CS 2120: Class #5¶

The Boolean type¶

• We’ve used comparison operators (e.g., `<,>,==`) in conditionals.

• What’s going on “under the hood” with the comparison, though?
```>>> 5>2
True
>>> 5<2
False
```
• A comparison like `a>b` is just an expression, like `a+b`.

• The difference is that the value it produces isn’t an integer, it’s either `True` or ``False`

• A value that is either `True` or `False` (and nothing else) has type Boolean.
```>>> type(5>2)
<type 'bool'>
```

Activity

Write a function `is_negative(n)` that returns `True` if the argument `n` is negative and `False` otherwise.

Verify that the return type is correct.

• We’ve already seen that functions can return a value at the end.

• In fact, a function can return a value at any time, not just the end.

• We can take advantage of this fact to have multiple returns!:

```def divisible_by(a,b):
if a % b == 0:
return True
else:
return False
```

Activity

• What is the result of the function call `divisible_by(4,2)`?
• How about `divisible_by(4,3)`?
• Now write a new function `not_divisible_by(a,b)` that returns `True` when `a` is not divisible by `b` and `False` otherwise.
• Now write this function to do the same thing with only 1 return statement.
• Functions returning Boolean values are pretty handy. Why? Where do you see yourself using them?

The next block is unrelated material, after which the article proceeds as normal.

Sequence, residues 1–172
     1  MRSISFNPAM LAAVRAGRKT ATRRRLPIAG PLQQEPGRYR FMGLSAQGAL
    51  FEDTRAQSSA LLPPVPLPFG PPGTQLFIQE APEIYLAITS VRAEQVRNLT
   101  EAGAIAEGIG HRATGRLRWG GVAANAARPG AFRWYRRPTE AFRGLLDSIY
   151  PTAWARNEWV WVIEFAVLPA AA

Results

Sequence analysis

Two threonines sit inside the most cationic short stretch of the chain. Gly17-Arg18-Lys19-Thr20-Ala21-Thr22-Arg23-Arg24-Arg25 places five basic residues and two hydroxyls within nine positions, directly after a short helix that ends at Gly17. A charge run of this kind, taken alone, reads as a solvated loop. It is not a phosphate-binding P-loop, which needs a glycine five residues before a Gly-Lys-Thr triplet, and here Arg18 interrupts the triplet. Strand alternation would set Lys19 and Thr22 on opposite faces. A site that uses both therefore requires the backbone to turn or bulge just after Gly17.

The function type¶

• In Python, functions have a type, too:
```>>> type(divisible_by)
<type 'function'>
```
• Not all programming languages are so enlightened.

• You can read up on first-class functions if you want to be a nerd about it.

• This allows us to do some very “meta” things and quickly write code that is really general:

```def add(a,b):
return a+b

def subtract(a,b):
return a-b

def dosomething(f,a,b):
return f(a,b)
```

Activity

• What is the value of `dosomething(add,5,7)`?
• How about `dosomething(substract,5,7)`?
• Now make sense of what exactly is happening!
• If all of this weirds you out... good. You’re normal. Passing around functions is crazy weird stuff.

• Don’t worry if you aren’t 100% confident on this yet. We’ll come back to it in more detail later.

Developing bigger programs¶

• The best way to do this is still a (very) open research problem in software engineering.

• Here, I’m going to suggest bottom up, incremental, development.

• Start with an empty function that returns a constant value (e.g., 0.0)

• Try the function. Works? Ok, step 1 down.

• Add 1 or 2 lines of code to accomplish part of what you want to do.

• Try the function. Make sure those lines worked!

• Repeat.

• Build up your function incrementally and test at each increment.

• The alternative is to try to sit down and bang out the whole function in one go.
• If you’re perfect, this is faster.
• I did this once in my life. I swear!
• Otherwise... you’ll spend a lot of time debugging.

• Besides, I’m sorry, but you’re not perfect.

Activity

Build a function to compute compound interest given a starting amount(`P`), an annual interest rate (`r`), the number of compoundings per year(`n`) and the total number of years (`t`).

Your function should return the value of the principle plus the interest after compounding.

• For bigger projects: break your problem down into a hierarchy of subproblems (remember, think in terms of levels of abstraction!).
• Solve the easiest, smallest, subproblems first.
• For us, solving means “writing a function to do it”.
• Immediately after writing the function, test it right there and then.
• Once you’ve written all the really easy, low level, functions, start combining them to write the higher level ones.